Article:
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Types of feedback

Providing regular, effective feedback to your student is one of your most important roles as a student supervisor. Opportunities for feedback during placement include:

  • Informal feedback: part of the normal day-to-day interaction. 
  • ‘Formative’ feedback i.e. feedback that is specifically designed to reflect on the student’s current performance, relative to learning objectives, with guidance on strategies for improvement, that is not assessed.
  • Formal 'summative' feedback associated with assessment.  

Preparing for a feedback session

Before you provide feedback, it is important to consider your expectations and share these with the student.  Preparing for a feedback session should involve:

Feedback preparation should include planning, purpose, structure and use of reference documents

Giving quality feedback

Quality feedback needs to be:

  • Focused on patient centred care
  • Timely and in an appropriate setting
  • Objective, specific, constructive, and balanced

Giving effective feedback is a skill to be learnt. Feedback that is inconsistent in amount, type and timing can be detrimental for a student’s progress. In short, feedback should be:

  • Focused on patient centred care. Ensuring that the feedback focuses on the outcome for the client or patient, will help remind the student of the goal of the intervention and the need for feedback.
  • Timely and in an Appropriate setting.  Be sure to select an appropriate time and space to provide feedback to students.  Positive feedback can be effective when given in the presence of peers or clients, but constructive feedback should be given in a private and undisturbed setting. It would not be timely to provide feedback to your student if they were exhausted, distracted or upset.  Nor would it be timely if the feedback session was rushed.   
  • Objective. Remove the ‘I’ and replacing it with ‘there’ or ‘it’ can help keep the student focused on improving the task being completed.
  • Specific. Vague or generalised praise or criticism is difficult to act upon. Be specific, through the use of examples.Constructive: Talk in terms of what can be improved. Acknowledge that gaps and errors are expected in learning. Focus the conversation on continued improvement.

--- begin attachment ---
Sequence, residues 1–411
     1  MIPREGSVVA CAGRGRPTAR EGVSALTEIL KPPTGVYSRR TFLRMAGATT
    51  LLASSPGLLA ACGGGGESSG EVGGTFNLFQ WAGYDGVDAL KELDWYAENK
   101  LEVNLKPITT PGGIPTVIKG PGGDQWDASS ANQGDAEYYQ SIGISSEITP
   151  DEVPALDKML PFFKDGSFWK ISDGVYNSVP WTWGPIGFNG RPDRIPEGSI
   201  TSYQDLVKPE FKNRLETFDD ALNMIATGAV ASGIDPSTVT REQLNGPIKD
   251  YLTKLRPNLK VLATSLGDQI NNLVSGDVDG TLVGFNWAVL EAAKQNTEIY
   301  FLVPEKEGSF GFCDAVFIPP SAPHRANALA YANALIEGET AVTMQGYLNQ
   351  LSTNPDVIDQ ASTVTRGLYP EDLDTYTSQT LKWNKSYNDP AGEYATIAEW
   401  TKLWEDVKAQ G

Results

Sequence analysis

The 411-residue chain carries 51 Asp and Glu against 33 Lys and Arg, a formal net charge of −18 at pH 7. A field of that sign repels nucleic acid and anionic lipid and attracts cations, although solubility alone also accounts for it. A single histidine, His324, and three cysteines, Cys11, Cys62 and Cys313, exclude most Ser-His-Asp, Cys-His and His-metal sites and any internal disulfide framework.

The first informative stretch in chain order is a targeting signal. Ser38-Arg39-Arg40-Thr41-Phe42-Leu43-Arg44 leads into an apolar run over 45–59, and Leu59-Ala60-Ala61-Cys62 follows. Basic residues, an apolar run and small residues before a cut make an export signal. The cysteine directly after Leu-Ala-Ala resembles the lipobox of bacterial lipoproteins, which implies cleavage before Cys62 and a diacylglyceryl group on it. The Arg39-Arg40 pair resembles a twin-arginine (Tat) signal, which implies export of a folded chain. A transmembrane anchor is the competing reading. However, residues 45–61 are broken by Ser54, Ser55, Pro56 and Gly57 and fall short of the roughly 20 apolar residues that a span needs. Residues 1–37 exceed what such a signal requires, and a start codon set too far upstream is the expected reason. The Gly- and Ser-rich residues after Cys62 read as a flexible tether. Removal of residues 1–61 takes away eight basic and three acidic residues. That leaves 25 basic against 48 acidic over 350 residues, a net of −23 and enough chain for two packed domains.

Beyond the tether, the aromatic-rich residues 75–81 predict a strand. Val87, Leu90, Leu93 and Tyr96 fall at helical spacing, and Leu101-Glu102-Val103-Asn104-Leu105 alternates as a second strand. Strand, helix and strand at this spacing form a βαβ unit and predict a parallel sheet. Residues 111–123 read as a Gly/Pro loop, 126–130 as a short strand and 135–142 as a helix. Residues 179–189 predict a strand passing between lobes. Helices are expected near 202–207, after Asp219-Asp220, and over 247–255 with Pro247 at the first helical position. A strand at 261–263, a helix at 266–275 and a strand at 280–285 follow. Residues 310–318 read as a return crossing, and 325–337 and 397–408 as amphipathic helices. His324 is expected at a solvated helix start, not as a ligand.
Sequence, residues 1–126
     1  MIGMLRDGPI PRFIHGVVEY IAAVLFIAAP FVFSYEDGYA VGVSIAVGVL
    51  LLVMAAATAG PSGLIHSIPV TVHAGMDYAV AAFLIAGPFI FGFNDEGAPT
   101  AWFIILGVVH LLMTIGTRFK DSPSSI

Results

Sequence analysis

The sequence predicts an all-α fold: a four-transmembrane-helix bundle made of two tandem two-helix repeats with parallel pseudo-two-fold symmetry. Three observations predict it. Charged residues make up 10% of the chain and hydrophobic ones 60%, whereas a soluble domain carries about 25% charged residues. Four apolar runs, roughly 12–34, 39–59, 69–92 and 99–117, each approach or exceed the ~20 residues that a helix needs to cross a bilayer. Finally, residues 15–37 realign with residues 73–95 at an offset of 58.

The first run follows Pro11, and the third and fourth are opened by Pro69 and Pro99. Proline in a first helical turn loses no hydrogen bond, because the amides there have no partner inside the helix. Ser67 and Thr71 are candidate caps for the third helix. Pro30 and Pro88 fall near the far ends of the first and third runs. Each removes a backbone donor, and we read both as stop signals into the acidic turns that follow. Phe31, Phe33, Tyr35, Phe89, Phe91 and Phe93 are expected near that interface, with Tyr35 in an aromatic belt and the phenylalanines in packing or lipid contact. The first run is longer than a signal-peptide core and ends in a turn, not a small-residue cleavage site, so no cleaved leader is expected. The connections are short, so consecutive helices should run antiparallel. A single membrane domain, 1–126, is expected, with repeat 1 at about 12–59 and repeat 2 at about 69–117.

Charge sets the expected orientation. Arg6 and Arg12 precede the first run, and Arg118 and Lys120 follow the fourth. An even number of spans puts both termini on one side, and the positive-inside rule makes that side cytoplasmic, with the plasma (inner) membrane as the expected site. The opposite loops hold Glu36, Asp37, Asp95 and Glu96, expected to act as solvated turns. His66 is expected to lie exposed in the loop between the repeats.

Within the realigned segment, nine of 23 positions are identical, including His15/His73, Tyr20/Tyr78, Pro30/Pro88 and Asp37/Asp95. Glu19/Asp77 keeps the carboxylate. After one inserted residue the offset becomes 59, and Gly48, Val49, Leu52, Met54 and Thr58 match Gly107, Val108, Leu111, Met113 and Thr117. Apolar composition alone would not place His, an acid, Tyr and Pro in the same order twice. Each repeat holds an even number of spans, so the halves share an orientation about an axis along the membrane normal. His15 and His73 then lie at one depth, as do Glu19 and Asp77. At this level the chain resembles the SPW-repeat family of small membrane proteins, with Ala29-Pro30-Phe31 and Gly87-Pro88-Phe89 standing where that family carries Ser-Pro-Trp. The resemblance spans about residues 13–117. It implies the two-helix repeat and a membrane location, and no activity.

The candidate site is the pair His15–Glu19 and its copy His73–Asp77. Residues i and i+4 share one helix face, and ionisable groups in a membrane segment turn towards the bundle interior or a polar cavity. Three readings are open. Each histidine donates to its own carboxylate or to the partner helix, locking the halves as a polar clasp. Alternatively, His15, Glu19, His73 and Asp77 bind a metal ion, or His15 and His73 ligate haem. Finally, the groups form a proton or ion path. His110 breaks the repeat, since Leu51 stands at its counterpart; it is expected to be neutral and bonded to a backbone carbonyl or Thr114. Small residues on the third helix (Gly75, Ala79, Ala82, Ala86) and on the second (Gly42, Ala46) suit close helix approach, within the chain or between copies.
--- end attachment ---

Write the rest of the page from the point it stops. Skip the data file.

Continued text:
• Constructive.  Acknowledge that gaps and errors are expected in learning. Focus the conversation on what can be improved.
  • Balanced.  recognise positive and negative events to avoid the student becoming disheartened.

A feedback session should be a dialogue between two people. Encourage two-way discussion through use of active listening and elements of advanced questioning.  Remember to be aware of you and your student’s body language and moderate how fast you’re talk during the session.  Use pauses to allow the student to consider the feedback and seek clarification if they require. Students should be given the chance to comment on the fairness of feedback and to provide explanations for their performance.

It is important to remember that students may not be used to receiving feedback or their previous experience of feedback may have been poor. Be prepared for an emotional response from the student, and encourage them to take a break if required.

Monitor for understanding.  Allow time and provide opportunity for the student to react, reflect and respond. This might be by including statements or questions like: “Let’s decide together on the action plan required to address the feedback".  

Asking the student for feedback on the supervision provided can also be good role modelling. This can assist to promote a work culture where ‘feedback’ is the norm, it aids in the development of the student-supervisor relationships, and it might identify ways in which to improve your supervisory skills.  It can also reduce a perceived power gap if the supervisor reveals their own vulnerabilities and acknowledging that learning is ongoing.

In the figure below, Weallans and colleagues (2021) explore the sequential process of providing feedback:Flowchart of sequential feedback

 

Please also read the Advanced Questioning section contained within the Communication section of this website. 

Feedback models

The use of feedback models can assist student supervisors prepare and plan their feedback session.  Hardavella (2017) outlined various feedback models: